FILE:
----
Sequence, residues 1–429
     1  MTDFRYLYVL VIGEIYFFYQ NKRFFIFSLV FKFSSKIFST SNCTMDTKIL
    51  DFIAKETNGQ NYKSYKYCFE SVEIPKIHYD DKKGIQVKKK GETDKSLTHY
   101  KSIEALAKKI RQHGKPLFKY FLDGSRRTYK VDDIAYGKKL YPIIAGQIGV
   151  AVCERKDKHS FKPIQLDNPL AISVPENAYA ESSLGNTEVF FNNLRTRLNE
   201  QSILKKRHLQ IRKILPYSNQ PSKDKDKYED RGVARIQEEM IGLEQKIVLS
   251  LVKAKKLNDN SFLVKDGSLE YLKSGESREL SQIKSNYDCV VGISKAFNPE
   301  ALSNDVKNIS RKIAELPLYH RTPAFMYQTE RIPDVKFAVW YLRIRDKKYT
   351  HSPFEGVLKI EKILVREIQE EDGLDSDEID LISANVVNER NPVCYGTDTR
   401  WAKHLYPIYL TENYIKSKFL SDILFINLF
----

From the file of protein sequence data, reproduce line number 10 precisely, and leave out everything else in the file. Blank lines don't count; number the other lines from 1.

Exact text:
   401  WAKHLYPIYL TENYIKSKFL SDILFINLF